And typically these organizations are not going to give you a credential unless you have met some prescribed criteria. Maybe you had to pay a membership fee. Maybe you had to attend this learning event and make sure that you were in attendance at least 80% of the time, and then submitted something as evidence. So there's criteria that you have to meet. You're then validated by this third party. That's a credential. A micro-credential is just that in a smaller package. And a digital credential means you can send it digitally. So let's use that degree example. I could give you a digital credential that verifies that I have that degree from the university that I said I did.

Okay. Questions, I'm going to start with you, Veronica. You mentioned the use of a graphic designer for your constellation. We also use the term a taxonomy. It's a great visual way to distinguish the types of credentials that you're issuing. Talk a little bit about how that constellation has changed through the years.

Veronica Diaz:

Yeah, that's a good question. In our pilot year and probably the next two years after that, we did a lot of focus groups with the community and we looked at the data very critically. So anytime that an acceptance rate was low, we talked to the community about it. And we realized that the folks that we were awarding badges really only wanted micro-credentials that were difficult to get. So nobody likes, at least from our community, the participant badges, the show up kind of badges. They really wanted to have verified, difficult to get into experiences that were by application only. Those are the badges that were highly sought after. So the more prestigious or exclusive, I know it's not a great thing, but those are the micro-credentials that are very highly valued and highly displayed as well. So yeah. We kept in very close touch with the community and asked a lot of questions at the very beginning, very, very much so to tailor and trim the constellation to things that were only valuable.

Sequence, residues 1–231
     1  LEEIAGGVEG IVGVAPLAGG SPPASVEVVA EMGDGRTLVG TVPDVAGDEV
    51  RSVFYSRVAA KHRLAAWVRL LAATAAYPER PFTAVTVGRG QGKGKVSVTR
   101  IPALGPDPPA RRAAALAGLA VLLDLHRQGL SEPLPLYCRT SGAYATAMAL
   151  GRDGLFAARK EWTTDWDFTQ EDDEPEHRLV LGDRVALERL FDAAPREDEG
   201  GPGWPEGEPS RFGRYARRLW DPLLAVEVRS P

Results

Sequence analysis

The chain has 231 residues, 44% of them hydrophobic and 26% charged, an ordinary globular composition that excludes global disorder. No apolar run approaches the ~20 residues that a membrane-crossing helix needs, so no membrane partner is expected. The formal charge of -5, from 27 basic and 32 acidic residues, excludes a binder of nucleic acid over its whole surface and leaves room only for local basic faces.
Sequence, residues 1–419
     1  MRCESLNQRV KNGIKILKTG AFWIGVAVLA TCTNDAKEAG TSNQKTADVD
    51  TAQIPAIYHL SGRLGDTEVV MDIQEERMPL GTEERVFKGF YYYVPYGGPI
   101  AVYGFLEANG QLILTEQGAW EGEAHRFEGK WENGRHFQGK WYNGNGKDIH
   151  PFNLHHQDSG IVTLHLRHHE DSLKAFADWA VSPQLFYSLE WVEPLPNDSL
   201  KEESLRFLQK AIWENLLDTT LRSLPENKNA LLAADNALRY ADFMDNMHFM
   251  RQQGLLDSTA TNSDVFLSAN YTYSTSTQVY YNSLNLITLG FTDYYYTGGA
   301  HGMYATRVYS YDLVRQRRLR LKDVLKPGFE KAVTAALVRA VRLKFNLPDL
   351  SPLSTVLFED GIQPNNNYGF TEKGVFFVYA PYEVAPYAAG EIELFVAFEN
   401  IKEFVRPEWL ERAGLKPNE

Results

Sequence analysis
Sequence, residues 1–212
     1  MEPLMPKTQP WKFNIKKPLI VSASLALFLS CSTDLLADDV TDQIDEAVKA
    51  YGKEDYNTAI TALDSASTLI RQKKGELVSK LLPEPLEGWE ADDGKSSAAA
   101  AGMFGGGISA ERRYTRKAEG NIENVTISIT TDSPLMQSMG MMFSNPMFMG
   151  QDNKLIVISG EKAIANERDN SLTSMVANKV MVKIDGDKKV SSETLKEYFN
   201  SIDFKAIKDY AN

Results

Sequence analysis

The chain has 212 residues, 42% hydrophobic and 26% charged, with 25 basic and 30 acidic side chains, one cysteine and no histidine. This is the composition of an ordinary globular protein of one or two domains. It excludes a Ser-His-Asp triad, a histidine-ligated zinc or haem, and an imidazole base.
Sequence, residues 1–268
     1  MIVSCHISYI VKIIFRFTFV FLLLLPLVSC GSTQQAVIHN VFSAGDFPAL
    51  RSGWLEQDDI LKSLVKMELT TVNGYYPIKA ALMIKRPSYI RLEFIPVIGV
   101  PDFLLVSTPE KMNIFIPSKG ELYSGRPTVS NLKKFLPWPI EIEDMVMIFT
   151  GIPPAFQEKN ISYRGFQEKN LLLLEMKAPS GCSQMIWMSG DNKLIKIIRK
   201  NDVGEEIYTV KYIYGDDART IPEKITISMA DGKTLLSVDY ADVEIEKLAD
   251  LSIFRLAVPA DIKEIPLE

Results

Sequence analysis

Susan Manning:

There was a value question that came in too because you could create a credential for anything. I will say this, when someone becomes a customer of Credly, we advise them to think about credentials that are, the phrase used to be resume worthy. I would say career advancing. So things that have meaning, because otherwise it's badge pollution and they all begin to mush together and they have no real value. Carrie, going back to the graphics question, where did you get your graphics and how did that work?

Carrie Abner: